Pope Francis has issued his diplomatic representatives with a forceful reminder that their role requires loyalty to the papacy, and is incompatible with being involved in directing hostility against the Roman Pontiff.
During his pontificate Francis has seen one of his diplomats, Archbishop Carlo Maria Viganò, issue an unprecedented broadside against him calling for his resignation, while another has used social media to chastise him over comments on marriage and the family.
The role of a papal ambassador, the 82-year-old Pope explained in a message handed to a large gathering of diplomats in the Vatican’s apostolic palace on 13 June, is “irreconcilable” with “criticising the Pope behind his back,” or having blogs and joining groups “hostile to him, the Curia, or the Roman Church.”
The Pope’s ambassadors, known as apostolic nuncios, represent him on diplomatic missions in 180 countries across the world. They have a two-fold job of representing the Holy See to foreign governments and supporting the local Church, including drawing up the paperwork for the selection of bishops.
The role requires discretion, tact and a pledge of loyalty to the Successor of St Peter given the role means sharing in the universal ministry of the papacy.
Under Francis, however, some diplomats have gone rogue. Archbishop Viganò’s 26 August diatribe against Francis ran counter to his ministry as a diplomat, and life of loyal service to the papacy. Then there is Archbishop Timothy Gullickson who, as apostolic nuncio in a sensitive posting to Ukraine, used a blog to criticise the Pope on marriage and family life matters, while tweeting out articles with headlines which included: “The Pope Got It Completely and Utterly Wrong.” In another instance, in Austria, the papal representative found himself publicly berating Cardinal Reinhard Marx, a close ally of Francis and the President of the German Bishops’ Conference.
“As a Pontifical Representative, the nuncio does not represent himself but the Successor of Peter and acts on his behalf with the Church and the Governments,” the Pope wrote.
“[The] representative is a link, or better, a bridge of connection between the Vicar of Christ and the people to whom he was sent.”
Francis had been due to deliver his remarks in a speech to diplomats during a triennial gathering of his ambassadors across the world taking place from the 12-15 June. But rather than giving a speech he told them he would send the text to them before proceeding to open the floor to two hours of questions and answers, behind closed doors.
In the message Francis offered ten points of guidance - a “decalogue” - in how to be good ambassadors, stressing that nuncios must be “men of God,” and “pure in mind and heart.” Diplomats must, he added, preserve their "eyes and ears from the filth of the world,”
This has not always been the case.
In 2018, a Vatican court handed a five-year prison sentence to Mgr Carlo Capella, a diplomat based in Washington, for possessing and distributing child pornography, and in 2014 Archbishop Jozef Wesolowski, the former nuncio to the Dominican Republic was removed from the priesthood following allegations of child abuse. He died in 2015 awaiting a Vatican trial for possessing child pornography. Meanwhile, in France, the papal representative, Archbishop Luigi Ventura, is facing a police investigation for alleged sexually assaulting a government official in Paris.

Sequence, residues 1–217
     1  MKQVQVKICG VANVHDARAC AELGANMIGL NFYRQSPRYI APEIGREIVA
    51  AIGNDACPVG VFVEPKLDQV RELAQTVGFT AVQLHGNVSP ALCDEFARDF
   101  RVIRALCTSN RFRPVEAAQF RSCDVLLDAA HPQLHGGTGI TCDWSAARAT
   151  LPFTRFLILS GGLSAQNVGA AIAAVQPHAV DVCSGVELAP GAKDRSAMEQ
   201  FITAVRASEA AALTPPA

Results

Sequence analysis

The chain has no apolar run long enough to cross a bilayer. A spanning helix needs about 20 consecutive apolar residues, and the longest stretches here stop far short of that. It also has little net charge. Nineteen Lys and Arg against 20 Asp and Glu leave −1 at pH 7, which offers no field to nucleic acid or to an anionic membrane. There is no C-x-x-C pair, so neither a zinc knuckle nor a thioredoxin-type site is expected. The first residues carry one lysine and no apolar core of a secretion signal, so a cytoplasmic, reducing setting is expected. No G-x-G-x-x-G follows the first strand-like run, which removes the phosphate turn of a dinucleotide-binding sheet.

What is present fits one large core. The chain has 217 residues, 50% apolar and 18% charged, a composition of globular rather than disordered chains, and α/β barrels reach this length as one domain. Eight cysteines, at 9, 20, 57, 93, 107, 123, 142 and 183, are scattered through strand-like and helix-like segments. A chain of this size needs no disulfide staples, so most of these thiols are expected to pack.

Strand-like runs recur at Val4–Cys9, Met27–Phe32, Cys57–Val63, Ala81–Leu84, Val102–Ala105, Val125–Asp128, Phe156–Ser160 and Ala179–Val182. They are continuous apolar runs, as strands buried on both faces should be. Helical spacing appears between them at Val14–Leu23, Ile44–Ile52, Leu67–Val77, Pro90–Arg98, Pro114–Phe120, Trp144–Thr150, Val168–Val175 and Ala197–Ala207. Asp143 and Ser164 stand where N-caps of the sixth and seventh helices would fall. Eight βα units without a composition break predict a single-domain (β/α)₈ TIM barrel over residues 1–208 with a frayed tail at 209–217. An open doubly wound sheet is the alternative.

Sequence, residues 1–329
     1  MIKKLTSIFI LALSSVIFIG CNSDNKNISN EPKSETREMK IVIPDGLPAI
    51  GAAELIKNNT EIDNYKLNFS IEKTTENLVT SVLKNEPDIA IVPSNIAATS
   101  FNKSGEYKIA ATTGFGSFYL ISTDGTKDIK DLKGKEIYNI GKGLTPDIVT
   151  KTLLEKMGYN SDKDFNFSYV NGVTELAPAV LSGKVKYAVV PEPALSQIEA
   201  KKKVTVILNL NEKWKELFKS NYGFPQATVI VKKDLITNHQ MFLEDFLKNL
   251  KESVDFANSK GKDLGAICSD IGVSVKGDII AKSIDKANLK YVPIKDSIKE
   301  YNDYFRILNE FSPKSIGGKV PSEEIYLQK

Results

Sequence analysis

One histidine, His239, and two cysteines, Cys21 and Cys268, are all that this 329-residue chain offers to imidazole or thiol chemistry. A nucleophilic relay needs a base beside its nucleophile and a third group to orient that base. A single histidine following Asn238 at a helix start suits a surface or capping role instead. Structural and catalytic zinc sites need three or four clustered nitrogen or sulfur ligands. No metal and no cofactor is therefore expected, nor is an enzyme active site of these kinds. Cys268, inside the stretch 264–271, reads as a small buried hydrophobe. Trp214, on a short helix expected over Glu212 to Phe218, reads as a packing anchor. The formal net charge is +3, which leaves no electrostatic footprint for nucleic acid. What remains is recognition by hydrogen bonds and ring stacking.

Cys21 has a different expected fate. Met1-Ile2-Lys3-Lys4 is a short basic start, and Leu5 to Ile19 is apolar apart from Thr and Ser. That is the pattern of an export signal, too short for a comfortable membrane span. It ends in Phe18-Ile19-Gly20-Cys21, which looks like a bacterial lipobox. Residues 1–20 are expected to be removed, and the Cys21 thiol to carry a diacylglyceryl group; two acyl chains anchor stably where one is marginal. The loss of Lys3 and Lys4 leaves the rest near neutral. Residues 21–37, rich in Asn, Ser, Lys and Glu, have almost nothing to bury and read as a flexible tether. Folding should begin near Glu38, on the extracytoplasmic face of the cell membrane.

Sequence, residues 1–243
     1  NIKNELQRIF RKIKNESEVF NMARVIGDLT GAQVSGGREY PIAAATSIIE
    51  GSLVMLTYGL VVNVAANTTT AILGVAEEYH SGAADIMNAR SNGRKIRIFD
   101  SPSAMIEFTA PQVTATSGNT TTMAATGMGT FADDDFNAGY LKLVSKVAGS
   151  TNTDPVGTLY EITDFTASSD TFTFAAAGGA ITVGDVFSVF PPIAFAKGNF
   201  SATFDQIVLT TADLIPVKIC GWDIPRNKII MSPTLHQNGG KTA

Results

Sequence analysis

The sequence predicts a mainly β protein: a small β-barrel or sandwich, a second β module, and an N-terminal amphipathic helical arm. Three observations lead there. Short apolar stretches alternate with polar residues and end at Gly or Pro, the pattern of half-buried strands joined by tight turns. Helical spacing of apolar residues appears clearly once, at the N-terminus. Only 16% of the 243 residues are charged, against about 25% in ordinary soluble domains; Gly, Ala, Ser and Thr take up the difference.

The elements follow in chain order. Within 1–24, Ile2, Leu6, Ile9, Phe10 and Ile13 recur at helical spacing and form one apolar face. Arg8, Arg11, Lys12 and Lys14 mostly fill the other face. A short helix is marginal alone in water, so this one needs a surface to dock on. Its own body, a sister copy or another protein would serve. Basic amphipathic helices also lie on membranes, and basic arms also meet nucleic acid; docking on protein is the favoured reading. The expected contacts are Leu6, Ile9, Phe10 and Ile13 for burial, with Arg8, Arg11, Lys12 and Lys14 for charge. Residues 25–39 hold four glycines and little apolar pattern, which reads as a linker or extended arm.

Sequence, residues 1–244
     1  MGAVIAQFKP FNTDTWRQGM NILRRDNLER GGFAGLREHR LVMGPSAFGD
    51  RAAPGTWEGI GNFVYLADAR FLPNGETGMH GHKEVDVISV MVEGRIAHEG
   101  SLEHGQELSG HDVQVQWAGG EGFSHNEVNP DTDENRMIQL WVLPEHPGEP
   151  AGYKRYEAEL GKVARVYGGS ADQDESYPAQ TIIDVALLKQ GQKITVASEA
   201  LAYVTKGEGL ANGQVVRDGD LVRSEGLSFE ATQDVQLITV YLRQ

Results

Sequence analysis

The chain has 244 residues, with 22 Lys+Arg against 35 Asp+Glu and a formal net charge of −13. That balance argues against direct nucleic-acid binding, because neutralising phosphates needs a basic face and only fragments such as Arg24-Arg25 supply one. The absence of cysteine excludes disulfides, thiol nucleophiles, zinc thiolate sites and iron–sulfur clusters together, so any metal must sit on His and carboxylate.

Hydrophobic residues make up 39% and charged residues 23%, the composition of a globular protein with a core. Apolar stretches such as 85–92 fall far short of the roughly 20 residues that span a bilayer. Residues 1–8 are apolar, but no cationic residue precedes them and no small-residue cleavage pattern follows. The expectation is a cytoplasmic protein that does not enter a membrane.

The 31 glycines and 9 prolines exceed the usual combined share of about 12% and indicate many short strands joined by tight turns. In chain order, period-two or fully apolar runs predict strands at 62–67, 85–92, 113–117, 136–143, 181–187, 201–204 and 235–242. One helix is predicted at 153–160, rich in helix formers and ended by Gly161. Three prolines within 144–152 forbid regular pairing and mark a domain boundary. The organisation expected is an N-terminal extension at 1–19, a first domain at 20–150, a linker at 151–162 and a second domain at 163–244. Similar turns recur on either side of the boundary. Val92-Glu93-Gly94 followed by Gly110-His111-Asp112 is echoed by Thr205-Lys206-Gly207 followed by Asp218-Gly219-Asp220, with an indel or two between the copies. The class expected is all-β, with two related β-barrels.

Given the role of a nuncio meanings brushing shoulders with powerful figures, the Pope warned his diplomats about accepting gifts, which could make them vulnerable.
“No gift of any value should ever enslave us!” he said. “Refuse gifts that are too expensive and often useless - send them to charity.”
Francis’ decalogue also included the importance of nuncios being obedient, something that Archbishop Viganò stands accused of breaching. After the former papal ambassador to the United States had released his accusations against the Pope - which allege Francis mishandled abuse allegations levelled against ex-Cardinal Theodore McCarrick - a senior Cardinal, Marc Ouellet, hit back.
The Prefect of the Congregation for Bishops told Viganò in a letter he was in an “open and scandalous rebellion” and had sought to deal an “unheard of and undeserved blow on the moral authority of your Superior, the Supreme Pontiff."
For the Pope, “a nuncio who does not live the virtue of obedience - even when it is difficult and contrary to his personal vision - is like a traveler who loses his compass,” and he also stressed that ambassadors must not be a “bad master” to their “collaborators, staff, nuns” and those who work in the nunciature.
The Church’s diplomatic corps is drawn from some of the ablest priests across the world who, upon selection, are sent for further training at the prestigious Pontifical Ecclesiastical Academy, known as the “Accademia.”
Papal diplomats have a reputation for speaking several languages proficiently and often risk their lives to serve in war-torn countries where Western countries have closed their embassies.
In 2003, in Burundi, then ambassador Archbishop Michael Courtney was shot dead after trying to negotiate a peace agreement in the country, while his successor, Archbishop Paul Gallagher, now the Vatican’s foreign minister, had his residence bombed six years later.
In Syria, Cardinal Mario Zenari has been in Damascus since 2008, while during the 2003 Iraq war, Cardinal Fernando Filoni, now Prefect for the Congregation for the Evangelisation of Peoples, remained in Baghdad while the bombs fell.
The Pope said in his message that the nuncios must distinguish themselves by self-sacrificial service, pointing out that at Christmas and Easter, when other diplomats return home, “the Nuncio remains in place to celebrate the feast with the people of God.”